COLLECTING CONNECTING CHICAGO HEALTH SURVEY: The Latino Institute has released a 1-------------------------J 11 Opage health survey of 307 households on Chicago's Southside. For a copy of "Tocar El Coraz6n: Needs Assessment for Project Allvlo," send $5 with your request to: Project Alivlo, c/o The Latino Institute, 228 S. Wabash, Sixth Floor, Chicago, Ill. 60604. CHICAGO LATINO POPULATION ESTIMATES: The Latino In stitute has published a study on the city's projected Latino population growth and Its political Implications. Copies of the 16page report, "Latino Perspectives for 1990: New Numbers, New Leverage," are available for $5. Address requests to: Graclela Kenlg, director of communications, The Latino Institute, 228 S. Wabash, Sixth Floor, Chicago, Ill. 60604. BILINGUAL EDUCATION NEWSLETTER: FORUM, a bimonthly English-language newsletter published by the National Clearinghouse for Bilingual Education, is available free of charge. To be put on the mailing list, write: FORUM, NCBE, 11501 Georgia Ave., Wheaton, Md. 20902. POSADA REENACTMENTSCRIPT: "La Posada/The Posada" is a 32-page booklet, with songs, on the story of Marfa and Jose's search for lodging in Bethlehem and how it is re-enacted by Hispanic groups. For a copy in Spanish or English (indicate which), send $1 to: Augsburg Publishing House, 426 S. Fifth St., Box 1209, Minneapolis, Minn. 55440. HIGHER EDUCATION TRENDS: "Trends in Higher Education: Participation and Success" is a 39-page booklet that examines the actual and projected supply of Hispanic and other minority students, their participation and enrollment, retention and success, and re presentation in professions. To obtain a copy of the report, send $12 to: Education Commission of the States, 1860 Lincoln St., Suite300, Denver, Colo. 80295. MIGRANT EDUCATION: The Migrant Education Council of the Education Commission of the States has issued a report, "Migrant Education: A Consolidated View,'; which cites the need for additional resources for migrant farm-worker students and looks at their history. For a free copy of the report, write: Migrant Education Council, Education Commission of the States, 1860 Lincoln St. Suite 300, Denver , Colo. 80295. UNDOCUMENTED ALIEN HOSPITAL CARE: The U.S. General Accounting Office recently released a report titled "Undocumented Aliens: Estimating the Costs of Their Uncompensated Hospital Care." For a free copy (specify GAO/PEMD-87 -24 BR, Sept. 16), write: GAO, P.O. Box 6015, Gaithersburg, Md. 20877, AIDS PROGRAMS FUNDED The U.S. Conference of Mayors recentlygave$156,793 in grants to eight organizations that have AIDS information and education programs -targeted to Hispanics, blacks and other minorities in several cities across the country. Four of the eight programs directly target the Hispanic community. Others include Hispanics in their target groups. The organizations include El Centro Human Services, Los Angeles; the Santa Cruz AIDS Project, Santa Cruz, Calif.; the Pilsen Catholic Youth Center, Chicago; and El Congreso de Latinos Unidos in Philadelphia. Each was given between $19,000 and $20,000 for education programs that range from public service announcements to classes. PARENTAL INVOLVEMENT SOUGHT The Hispanic Development Project of New York, the Reader's Digest Foundation and the General Foods Fund recently announced a program to award grants to groups that encourage Hispanic parents to become involved in their children's education. The program offers awards to schools, parents' groups and others who devise projects to promote schooVparent partnerships in education. Projects should be aimed at expanding the list of school-related activities that parents can become involved in, especially during the summer months. Any school, parents' group or education agency is eligible to compete for the awards. The project must relate to Hispanic parents whose children are in grades K through 9 and attend a school which is at least 25% Hispanic . Project awards will consist of grants of up to $5,000. Send inquiries to Carmen Lydia Ramos, coordinator, Hispanic Policy Development Project, 250 Park Ave. South, Suite 5000a, New York, N.Y. 10003 (212) 529. Deadline for applications is Feb. 1. UNIVERSITY BECKONS LATINOS In an attempt to attract Hispanic and black high school students, the University of Illinois is pledging to meet 100% of the minority students' financial needs and is awarding any senior who graduates . in the top 10% of his or her class a $500 merit scholarship. According to Stanley Ikenberry, University of Illinois president, Illinois students are being wooed away to out-of-state campuses. Of the 15,891 undergraduate students at the University of Illinois' Chicago campus, 9.8% are Latino. Of 27,065 undergraduates at the school's Urbana-Champaign campus, 2.4% are Hispanic. Julio Laboy Carlota Santana (212) 473-4605 California Chicano News Media Association Los Angeles Feb. 5 Calendar As it has in the past, Weekly Report will compile a list of major 1988 conferences, seminars and banquets scheduled by Hispanic organizations. The list will 1 be published in early January. Organizations that wish to have their event included should phone or send the following information: date, place, brief description of event and name and telephone number of contact person. Address all correspondence to Calendar editor, Hispanic Link Weekly Report, 1420 N St NW, Washington, D.C. 20005 (202) 234-Q280. THIS WEEK SPANISH DANCE ARTS Brooklyn, N.Y. Dec. 28 and Jan. 3 The Brooklyn Children's Museum is sponsoring the Spanish Dance Arts troupe in a lecture/performance demonstration for children, including the history and culture of Spain and Flamenco dance. 4 COMING SOON RUBEN BLADES BENEFIT CONCERT Americas 2001 Los Angeles Jan. 3 Roberto Rodriguez (213) 727 CUBAN AMERICAN CONFERENCE Cuban American National Council Miami Jan. 31-Feb. 3 Alina Becker (305) 642 ALASKA STATE BILINGUAL CONFERENCE Alaska State Department of Education Anchorage Feb. 3 Mike Travis (907) 465 ENGINEERING CAREER CONFERENCE Society of Hispanic Professional Engineers Los Angeles Feb. 5 Ana (818) 338 JOURNALISM OPPORTUNITY CONFERENCE Dec. 21, 1987 Lourdes C6rdova Martinez (213) 7 43 CALIFORNIA BILINGUAL EDUCATION California Association for Bilingual Education San Francisco Feb . 1 0 Mary Jew (415) 239 COMMUNICATIONS FAIR Howard University School of Communications Washington, D.C. Feb. 18 Mary Carter-Williams (202) 636 SPOTLIGHT HISPANIC PUBLICATIONS CONFERENCE: The National Association of Hispanic Publications will hold its first independent convention in Las Vegas, Nev., Feb. 18-20 . Hoping to draw owners, publishers and editors of publications in the United States and Mexico, the convention will highlight the role of Hispanic print in the U.S. market and the value of Hispanic print as an investment. For further information call Fred Flores at (702) 384. Hispanic Link Weekly Report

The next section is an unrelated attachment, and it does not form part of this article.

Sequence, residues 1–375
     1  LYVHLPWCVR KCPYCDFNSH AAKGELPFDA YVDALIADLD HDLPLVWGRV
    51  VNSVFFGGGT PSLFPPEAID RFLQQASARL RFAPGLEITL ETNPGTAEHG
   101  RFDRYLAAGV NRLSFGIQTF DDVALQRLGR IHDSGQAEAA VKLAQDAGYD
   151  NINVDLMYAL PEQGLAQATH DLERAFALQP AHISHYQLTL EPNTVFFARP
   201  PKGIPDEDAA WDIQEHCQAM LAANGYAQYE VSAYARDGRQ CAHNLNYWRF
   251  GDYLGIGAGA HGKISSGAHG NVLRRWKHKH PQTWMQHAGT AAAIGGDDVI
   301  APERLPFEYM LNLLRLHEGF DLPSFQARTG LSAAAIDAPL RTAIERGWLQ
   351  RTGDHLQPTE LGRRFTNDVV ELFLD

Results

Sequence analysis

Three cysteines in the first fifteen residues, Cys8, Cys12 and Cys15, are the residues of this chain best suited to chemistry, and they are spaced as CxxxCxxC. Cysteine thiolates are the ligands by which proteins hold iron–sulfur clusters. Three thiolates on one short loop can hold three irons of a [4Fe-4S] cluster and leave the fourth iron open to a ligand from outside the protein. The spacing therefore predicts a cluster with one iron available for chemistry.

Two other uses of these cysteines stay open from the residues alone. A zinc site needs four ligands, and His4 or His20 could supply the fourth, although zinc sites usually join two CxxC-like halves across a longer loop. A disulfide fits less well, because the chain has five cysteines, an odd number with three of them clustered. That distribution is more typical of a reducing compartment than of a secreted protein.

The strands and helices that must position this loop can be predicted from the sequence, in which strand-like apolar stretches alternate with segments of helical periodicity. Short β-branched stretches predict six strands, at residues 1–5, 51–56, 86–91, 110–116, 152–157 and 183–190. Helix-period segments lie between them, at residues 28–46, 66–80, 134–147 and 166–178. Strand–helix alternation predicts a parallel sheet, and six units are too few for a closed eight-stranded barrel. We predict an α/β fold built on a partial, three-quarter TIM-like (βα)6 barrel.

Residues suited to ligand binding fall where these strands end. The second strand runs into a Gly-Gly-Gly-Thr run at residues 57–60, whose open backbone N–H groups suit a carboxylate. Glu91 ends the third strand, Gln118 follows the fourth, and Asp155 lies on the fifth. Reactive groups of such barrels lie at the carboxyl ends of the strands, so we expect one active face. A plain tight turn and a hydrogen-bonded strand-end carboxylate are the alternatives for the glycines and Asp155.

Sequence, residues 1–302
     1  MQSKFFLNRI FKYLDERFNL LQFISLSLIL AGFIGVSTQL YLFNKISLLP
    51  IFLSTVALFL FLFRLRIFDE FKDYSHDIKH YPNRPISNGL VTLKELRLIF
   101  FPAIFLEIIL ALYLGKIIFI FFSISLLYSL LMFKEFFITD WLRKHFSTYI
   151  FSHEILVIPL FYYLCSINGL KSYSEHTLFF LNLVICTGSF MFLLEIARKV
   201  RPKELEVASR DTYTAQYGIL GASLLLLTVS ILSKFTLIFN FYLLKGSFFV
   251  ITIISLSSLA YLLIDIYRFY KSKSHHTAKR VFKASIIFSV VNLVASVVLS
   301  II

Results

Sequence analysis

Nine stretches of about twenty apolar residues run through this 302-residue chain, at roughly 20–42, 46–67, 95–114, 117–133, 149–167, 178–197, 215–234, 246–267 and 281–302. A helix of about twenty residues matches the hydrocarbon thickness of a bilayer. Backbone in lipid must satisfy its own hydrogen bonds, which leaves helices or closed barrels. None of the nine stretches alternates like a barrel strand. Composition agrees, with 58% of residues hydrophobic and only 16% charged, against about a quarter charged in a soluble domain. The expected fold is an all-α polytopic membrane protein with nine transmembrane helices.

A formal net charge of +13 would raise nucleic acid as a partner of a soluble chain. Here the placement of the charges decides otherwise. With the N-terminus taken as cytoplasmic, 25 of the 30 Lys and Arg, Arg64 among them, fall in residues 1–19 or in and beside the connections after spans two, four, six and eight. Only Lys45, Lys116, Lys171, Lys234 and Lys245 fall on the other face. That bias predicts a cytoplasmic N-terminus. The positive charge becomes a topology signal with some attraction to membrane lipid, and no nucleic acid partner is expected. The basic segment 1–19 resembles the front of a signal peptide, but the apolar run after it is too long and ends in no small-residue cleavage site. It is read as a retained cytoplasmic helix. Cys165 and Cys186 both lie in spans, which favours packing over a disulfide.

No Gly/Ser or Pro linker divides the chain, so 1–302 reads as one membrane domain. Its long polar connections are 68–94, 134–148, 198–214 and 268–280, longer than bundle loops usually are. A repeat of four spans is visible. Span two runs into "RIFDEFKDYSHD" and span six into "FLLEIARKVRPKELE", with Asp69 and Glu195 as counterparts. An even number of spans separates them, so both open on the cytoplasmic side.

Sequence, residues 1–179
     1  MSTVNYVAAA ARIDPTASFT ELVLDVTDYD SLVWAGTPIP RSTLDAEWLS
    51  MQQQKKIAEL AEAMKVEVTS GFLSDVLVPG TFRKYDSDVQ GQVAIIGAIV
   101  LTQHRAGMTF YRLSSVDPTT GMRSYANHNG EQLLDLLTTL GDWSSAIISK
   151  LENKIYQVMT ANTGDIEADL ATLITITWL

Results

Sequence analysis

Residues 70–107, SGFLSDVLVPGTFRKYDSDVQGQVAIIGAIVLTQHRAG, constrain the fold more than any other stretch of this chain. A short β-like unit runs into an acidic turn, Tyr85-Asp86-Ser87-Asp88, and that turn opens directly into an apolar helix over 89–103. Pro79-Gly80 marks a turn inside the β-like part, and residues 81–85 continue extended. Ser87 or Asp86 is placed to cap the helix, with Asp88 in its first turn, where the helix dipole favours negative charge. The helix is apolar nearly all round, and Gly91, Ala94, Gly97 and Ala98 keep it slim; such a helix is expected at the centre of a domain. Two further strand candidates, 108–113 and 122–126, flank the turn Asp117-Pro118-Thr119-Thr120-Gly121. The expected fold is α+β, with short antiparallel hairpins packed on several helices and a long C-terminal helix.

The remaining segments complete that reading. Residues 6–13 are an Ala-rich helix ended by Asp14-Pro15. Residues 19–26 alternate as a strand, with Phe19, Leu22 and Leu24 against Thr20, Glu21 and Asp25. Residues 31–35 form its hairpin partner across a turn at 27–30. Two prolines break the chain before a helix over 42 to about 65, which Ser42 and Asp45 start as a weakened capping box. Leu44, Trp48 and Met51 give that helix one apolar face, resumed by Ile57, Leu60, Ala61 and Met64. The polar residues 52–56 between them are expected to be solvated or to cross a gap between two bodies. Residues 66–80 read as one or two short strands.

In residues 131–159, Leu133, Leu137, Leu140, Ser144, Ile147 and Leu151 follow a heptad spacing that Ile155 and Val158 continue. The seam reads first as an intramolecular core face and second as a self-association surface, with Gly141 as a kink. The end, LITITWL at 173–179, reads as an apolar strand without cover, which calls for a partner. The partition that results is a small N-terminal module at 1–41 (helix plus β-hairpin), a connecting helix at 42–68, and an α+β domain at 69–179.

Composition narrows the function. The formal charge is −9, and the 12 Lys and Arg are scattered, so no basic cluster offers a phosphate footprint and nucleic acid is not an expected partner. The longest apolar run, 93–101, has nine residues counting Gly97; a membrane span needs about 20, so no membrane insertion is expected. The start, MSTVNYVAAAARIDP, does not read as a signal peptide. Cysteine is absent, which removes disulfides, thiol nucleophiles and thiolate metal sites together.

PAGE 5